It is urgent to act against pollution
It may not be making headlines in recent months, but air pollution remains a deadly hazard for many: it causes diseases such as heart disease, lung disease, lung cancer and stroke, and is estimated to cause one in nine premature deaths, or about seven million each year.
Air pollution also harms our natural environment. It decreases the oxygen supply to our oceans, makes it harder for plants to grow and contributes to climate change.
Yet despite the damage it causes, there are disturbing signs that air pollution is not considered a priority in many countries: in the first-ever assessment of air quality laws, released on September 2 by the United Nations Environment Programme (UNEP), it was revealed that about 43% of countries do not have a legal definition of air pollution, and nearly one-third have not yet adopted legally binding outdoor air quality standards.
Five types of human activities are responsible for most air pollution: agriculture, transportation, industry, waste, and households.
Agricultural and livestock processes produce methane, an extremely potent greenhouse gas and a cause of asthma and other respiratory illnesses. Methane is also a by-product of waste burning, which emits other polluting toxins that eventually enter the food chain. Meanwhile, industries release large amounts of carbon monoxide, hydrocarbons, particulate matter and chemicals.
Transportation continues to be responsible for the premature deaths of hundreds of thousands of people, despite the global phase-out of hazardous leaded fuels in late August. The step was hailed by senior U.N. officials, including the secretary-general, who said it would prevent an estimated one million premature deaths each year. However, vehicles continue to spew fine particulate matter, ozone, black carbon and nitrogen dioxide into the atmosphere; it is estimated that treating the health problems caused by air pollution costs about $1 trillion a year worldwide.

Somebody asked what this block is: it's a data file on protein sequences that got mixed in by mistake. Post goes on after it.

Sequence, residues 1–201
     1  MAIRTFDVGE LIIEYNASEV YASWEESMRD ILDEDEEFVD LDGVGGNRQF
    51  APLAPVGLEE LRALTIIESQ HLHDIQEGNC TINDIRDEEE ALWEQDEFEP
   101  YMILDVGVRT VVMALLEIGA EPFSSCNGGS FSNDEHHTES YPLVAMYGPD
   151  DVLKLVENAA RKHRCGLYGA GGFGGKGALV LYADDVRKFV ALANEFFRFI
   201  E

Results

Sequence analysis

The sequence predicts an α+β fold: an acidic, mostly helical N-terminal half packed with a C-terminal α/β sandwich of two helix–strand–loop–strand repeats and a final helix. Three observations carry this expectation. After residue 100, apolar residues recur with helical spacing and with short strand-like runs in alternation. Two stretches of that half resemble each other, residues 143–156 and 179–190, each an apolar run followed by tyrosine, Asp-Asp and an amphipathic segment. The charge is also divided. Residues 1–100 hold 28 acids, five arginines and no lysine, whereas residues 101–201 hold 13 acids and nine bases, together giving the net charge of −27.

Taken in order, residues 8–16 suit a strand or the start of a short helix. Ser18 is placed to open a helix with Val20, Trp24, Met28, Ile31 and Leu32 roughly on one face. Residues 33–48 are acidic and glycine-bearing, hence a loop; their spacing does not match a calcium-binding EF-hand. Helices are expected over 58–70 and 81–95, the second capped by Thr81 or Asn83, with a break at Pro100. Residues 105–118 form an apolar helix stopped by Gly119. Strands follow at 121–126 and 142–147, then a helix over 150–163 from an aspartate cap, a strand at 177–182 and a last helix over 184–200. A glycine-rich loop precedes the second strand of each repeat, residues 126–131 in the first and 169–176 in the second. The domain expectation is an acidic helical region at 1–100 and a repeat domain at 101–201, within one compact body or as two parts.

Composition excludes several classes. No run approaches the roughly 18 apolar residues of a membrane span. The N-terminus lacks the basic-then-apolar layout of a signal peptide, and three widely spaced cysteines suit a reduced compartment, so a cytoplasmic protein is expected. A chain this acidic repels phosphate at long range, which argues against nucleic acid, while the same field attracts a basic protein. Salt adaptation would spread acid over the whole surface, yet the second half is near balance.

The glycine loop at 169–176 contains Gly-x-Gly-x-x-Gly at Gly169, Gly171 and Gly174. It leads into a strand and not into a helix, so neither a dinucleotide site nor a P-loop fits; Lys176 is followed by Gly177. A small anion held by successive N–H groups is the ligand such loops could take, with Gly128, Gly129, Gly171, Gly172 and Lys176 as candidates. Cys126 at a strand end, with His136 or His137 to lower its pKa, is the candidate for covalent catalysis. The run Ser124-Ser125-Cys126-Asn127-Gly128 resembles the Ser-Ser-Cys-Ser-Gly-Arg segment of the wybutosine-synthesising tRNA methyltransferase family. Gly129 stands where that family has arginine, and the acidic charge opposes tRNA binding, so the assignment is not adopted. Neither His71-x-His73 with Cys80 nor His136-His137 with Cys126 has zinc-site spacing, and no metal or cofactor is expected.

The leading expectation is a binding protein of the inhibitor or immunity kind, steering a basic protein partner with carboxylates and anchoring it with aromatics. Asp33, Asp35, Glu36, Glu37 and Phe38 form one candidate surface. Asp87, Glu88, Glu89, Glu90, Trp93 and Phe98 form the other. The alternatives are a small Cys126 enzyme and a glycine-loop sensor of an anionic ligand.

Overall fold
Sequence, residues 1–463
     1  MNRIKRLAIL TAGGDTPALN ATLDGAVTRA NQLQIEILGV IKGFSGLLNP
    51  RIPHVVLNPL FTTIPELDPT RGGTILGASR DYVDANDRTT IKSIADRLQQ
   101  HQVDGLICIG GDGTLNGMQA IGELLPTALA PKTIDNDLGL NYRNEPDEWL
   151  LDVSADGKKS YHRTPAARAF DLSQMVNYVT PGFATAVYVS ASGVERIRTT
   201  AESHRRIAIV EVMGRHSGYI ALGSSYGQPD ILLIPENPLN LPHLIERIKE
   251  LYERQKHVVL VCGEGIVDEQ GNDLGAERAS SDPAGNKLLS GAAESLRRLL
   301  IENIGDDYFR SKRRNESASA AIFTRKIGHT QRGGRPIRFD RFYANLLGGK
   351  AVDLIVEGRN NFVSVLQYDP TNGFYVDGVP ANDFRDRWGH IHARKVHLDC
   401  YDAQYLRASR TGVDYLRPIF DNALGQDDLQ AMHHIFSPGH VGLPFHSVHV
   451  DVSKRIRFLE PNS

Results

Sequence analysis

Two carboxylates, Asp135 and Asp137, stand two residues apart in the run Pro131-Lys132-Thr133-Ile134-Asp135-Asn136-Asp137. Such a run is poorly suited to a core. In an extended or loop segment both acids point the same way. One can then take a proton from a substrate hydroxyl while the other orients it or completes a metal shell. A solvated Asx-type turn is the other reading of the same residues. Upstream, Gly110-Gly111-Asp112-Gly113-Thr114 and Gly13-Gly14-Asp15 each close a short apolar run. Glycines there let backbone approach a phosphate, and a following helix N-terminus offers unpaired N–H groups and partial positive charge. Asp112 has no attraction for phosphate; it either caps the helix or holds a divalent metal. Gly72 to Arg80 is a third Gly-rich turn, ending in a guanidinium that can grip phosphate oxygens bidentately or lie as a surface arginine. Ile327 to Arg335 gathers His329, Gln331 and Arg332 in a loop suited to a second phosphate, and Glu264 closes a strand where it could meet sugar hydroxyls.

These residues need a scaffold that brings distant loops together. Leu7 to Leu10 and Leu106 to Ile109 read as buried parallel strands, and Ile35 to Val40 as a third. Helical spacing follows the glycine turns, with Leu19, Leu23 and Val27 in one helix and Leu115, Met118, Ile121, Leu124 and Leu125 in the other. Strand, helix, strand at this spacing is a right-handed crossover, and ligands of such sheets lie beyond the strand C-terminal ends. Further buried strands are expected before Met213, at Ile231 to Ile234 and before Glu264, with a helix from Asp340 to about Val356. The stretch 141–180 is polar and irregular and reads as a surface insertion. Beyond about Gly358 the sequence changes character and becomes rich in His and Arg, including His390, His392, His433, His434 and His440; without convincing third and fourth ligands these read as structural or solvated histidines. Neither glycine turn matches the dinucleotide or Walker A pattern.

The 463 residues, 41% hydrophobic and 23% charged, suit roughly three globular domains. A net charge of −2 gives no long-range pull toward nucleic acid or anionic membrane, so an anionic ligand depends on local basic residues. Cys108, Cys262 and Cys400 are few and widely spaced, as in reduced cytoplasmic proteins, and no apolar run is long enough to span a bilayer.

While it is not shocking to learn that these activities are harmful to health and the environment, some people may be surprised to learn that households are responsible for an estimated 4.3 million deaths each year. This is because many households burn open fires and use inefficient stoves inside their homes, spewing out toxic particles, carbon monoxide, lead and mercury.
The reason the UN is sounding the alarm on this issue now is that evidence of the effects of air pollution on humans is mounting. In recent years, exposure to air pollution has been shown to contribute to an increased risk of diabetes, dementia, impaired cognitive development and lower intelligence levels.
In addition, we have known for years that it is linked to cardiovascular and respiratory diseases.
Concern about this type of pollution goes hand in hand with increased global action to address the climate crisis: it is as much an environmental problem as it is a health problem, and actions to clean up the skies go a long way toward reducing global warming.
Other harmful effects on the environment include depleted soils and waterways, threatened freshwater sources and reduced crop yields.